By Chase Hill / March 10, 2019

Spider Silk Could Be The Robotic Muscle Of The Future

Spider silk is one of the strongest materials in the world.

Spider expert Rob Porter from the Australian Reptile Park milks a male Sydney Funnel Web spider. (Fairfax Media via Getty Images)
Spider expert Rob Porter from the Australian Reptile Park milks a male Sydney Funnel Web spider. (Fairfax Media via Getty Images)

Sure spider silk can be used to build armor, artificial skin, and treat spinal cord damage, but now scientists are amazed to learn that the silk responds to the humidity around it.

According to a new study published in Science Advances, MIT researchers discovered that spider silk fibers respond to changing humidity when they suspended the silk in a chamber. The silk reacted by twisting and contracting.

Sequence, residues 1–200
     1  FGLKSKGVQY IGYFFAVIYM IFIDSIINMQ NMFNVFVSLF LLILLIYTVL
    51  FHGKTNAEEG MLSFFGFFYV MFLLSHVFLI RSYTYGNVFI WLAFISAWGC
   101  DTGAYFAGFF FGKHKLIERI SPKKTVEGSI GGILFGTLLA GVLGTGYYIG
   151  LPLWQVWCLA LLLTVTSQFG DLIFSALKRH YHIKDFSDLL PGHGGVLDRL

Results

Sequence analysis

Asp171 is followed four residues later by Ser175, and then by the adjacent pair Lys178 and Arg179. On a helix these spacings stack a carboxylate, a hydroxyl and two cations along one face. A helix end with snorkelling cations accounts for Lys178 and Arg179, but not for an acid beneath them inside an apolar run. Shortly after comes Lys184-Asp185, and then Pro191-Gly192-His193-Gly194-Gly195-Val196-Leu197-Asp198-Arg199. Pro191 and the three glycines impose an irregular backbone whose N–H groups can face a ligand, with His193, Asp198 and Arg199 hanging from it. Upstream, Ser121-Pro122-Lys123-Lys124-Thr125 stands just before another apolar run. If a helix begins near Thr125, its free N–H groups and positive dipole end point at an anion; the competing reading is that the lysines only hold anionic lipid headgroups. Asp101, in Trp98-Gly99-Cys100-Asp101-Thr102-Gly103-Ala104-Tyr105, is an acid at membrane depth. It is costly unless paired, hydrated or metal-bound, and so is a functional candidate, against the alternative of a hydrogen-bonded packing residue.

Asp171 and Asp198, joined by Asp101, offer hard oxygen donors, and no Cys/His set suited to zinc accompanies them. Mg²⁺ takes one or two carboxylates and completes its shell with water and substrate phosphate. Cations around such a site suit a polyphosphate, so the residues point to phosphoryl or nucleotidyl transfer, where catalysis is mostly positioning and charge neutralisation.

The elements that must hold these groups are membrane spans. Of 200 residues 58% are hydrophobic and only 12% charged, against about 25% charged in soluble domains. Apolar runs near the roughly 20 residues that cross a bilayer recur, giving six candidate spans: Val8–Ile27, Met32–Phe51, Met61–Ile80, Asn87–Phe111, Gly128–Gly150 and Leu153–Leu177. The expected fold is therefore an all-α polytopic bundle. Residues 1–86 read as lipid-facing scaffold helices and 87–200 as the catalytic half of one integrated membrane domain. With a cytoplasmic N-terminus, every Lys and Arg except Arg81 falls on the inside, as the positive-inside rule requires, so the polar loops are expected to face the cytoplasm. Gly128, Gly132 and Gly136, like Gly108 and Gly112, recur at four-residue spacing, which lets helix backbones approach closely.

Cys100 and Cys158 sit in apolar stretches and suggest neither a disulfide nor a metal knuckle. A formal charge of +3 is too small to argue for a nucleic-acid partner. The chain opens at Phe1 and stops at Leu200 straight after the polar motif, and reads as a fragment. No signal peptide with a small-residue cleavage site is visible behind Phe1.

“It was out of our expectation,” Dabiao Liu, a researcher and associate professor at Huazhong University of Science and Technology in Wuhan, China, said. “It really shocked me.”

The team behind the study isn’t sure how the spider’s silk fits into the natural order of things in its environment, but they are eager to apply the discovery to other technologies. The silk’s reaction could be applied to certain types of control devices or sensors.

“This could be very interesting for the robotics community,” researcher Professor Markus Buehler, head of the Department of Civil and Environmental Engineering, said. “It’s very precise in how you can control these motions by controlling the humidity.”

The future could be filled with smart fabrics and humidity-driven robots all thanks to spider silk.

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